Personal motivations are important, particularly in grassroots activist groups which rely on the people taking part to be willing to do the things the group has decided to do. Too often however, grassroots groups form plans without considering individuals' motivations, visions and resources. And, given the fact that people in grassroots groups may come and go, it is important to include space to get to know people, and explore why they belong to the group or came to the meeting, what they can offer, what they expect from the group, and what they hope for on behalf of the movement as a whole. We are also all in different places on the journey in understanding the issue and our way of campaigning. Our personal theories of change – how we think change is achieved – and our views of what action or strategy will be effective, may be different, as may those of different groups within the movement. While there will be a degree of overlap in our concerns and motivations – otherwise we wouldn't have come together – some of our reasons for having done so and of how best to address the issue at hand are going to be different. While these differences can be a source of tension and conflict, they are also the ingredients for a vibrant group and movement, when we overcome them.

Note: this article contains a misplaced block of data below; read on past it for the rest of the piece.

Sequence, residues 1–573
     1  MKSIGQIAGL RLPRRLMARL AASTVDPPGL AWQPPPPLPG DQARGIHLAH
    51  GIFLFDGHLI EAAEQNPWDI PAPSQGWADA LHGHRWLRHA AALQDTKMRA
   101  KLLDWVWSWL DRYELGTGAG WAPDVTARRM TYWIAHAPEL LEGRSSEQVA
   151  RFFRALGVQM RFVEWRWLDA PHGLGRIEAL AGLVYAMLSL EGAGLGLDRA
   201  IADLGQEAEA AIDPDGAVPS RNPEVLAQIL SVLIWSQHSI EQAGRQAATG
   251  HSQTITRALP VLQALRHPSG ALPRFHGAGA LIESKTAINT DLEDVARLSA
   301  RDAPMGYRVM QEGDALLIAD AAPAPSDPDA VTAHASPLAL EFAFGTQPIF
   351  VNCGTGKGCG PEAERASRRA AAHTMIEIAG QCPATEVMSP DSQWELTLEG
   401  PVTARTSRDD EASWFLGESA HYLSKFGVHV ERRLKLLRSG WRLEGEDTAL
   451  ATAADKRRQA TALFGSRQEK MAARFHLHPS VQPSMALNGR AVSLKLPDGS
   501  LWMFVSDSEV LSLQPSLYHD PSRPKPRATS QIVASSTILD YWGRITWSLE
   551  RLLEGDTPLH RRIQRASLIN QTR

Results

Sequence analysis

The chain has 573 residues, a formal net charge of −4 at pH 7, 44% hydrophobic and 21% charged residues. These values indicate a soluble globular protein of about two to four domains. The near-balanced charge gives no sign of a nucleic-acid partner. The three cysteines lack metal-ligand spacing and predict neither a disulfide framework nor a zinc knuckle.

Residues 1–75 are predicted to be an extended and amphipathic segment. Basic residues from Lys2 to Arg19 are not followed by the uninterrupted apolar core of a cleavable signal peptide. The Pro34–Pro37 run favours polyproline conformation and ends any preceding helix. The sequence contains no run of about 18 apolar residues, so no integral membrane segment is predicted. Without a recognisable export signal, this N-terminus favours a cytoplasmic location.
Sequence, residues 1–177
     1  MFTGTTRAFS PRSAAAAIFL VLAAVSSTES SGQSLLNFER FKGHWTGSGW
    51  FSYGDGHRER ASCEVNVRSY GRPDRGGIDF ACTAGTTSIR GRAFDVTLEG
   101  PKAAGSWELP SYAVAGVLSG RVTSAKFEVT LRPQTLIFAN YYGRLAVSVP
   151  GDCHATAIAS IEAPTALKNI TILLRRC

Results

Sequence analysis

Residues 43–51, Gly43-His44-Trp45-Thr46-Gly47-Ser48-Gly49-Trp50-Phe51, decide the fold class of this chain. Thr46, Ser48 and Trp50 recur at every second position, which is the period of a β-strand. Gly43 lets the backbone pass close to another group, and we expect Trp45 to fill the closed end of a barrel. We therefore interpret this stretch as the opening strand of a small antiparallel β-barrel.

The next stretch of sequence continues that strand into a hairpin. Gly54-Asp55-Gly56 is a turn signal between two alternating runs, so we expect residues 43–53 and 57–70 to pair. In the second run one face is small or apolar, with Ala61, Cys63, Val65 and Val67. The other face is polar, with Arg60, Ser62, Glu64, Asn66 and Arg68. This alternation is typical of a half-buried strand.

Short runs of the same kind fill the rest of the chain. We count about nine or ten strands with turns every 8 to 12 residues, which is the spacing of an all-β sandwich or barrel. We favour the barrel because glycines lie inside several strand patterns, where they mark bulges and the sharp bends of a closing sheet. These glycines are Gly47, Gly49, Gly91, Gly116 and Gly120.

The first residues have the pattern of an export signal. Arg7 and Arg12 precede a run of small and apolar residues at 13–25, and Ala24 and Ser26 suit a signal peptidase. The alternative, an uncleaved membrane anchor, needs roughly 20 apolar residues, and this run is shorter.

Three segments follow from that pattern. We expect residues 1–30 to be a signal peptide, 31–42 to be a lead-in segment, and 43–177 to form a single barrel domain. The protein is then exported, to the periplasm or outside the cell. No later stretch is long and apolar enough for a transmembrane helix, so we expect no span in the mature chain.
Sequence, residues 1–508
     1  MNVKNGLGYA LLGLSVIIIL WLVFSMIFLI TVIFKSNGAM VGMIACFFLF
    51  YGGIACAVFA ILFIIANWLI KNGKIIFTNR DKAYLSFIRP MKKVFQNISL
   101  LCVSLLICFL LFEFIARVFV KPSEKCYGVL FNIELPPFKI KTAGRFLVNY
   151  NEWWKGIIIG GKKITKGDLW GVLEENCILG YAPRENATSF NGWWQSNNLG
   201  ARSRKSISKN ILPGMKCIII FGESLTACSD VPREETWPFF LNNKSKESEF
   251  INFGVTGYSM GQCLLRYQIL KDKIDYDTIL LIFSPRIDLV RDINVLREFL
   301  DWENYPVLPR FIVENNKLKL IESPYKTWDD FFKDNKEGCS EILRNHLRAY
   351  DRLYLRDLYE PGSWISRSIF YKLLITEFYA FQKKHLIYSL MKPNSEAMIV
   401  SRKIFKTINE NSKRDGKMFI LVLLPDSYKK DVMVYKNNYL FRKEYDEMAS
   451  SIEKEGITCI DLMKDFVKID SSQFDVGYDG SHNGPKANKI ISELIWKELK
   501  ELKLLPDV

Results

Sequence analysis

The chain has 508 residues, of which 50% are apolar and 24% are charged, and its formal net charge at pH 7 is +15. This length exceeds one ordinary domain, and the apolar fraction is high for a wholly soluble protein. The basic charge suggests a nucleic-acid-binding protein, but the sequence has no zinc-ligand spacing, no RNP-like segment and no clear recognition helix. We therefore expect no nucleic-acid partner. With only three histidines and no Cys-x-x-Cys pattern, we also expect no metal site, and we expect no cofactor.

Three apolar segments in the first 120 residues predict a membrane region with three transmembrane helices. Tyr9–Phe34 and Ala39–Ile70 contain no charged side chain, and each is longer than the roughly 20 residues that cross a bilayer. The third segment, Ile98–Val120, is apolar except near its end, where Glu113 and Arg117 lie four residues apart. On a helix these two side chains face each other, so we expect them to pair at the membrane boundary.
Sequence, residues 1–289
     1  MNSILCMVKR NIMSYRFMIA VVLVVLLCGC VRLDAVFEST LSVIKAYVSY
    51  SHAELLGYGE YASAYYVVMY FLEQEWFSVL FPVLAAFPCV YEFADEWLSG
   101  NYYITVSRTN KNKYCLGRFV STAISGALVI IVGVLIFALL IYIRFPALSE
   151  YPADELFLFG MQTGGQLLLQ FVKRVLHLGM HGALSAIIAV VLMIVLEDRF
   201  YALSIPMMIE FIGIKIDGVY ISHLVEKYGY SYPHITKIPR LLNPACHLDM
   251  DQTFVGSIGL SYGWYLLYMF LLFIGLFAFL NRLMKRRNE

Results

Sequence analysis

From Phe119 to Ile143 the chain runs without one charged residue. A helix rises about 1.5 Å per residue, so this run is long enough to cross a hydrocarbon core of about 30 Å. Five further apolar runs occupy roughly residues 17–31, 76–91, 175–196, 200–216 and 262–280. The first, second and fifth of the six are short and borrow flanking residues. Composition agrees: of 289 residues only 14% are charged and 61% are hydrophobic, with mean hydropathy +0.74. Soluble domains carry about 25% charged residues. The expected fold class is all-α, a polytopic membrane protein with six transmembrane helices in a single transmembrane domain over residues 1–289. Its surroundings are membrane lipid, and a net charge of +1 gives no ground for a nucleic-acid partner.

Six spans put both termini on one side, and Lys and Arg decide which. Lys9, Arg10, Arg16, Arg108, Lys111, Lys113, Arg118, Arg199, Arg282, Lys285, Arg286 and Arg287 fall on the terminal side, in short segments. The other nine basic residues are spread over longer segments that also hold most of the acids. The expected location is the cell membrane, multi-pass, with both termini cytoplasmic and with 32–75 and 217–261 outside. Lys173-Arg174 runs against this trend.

To illustrate the diversity of motivations which might bring someone to a conscientious objection movement, we have included the personal accounts of members of different conscientious objection groups, and movements in different parts of the world. These personal accounts deal with the question of why their authors turned to conscientious objection and are followed by material on how to reach decisions by consensus, as one way of working constructively with such diversity of motivations.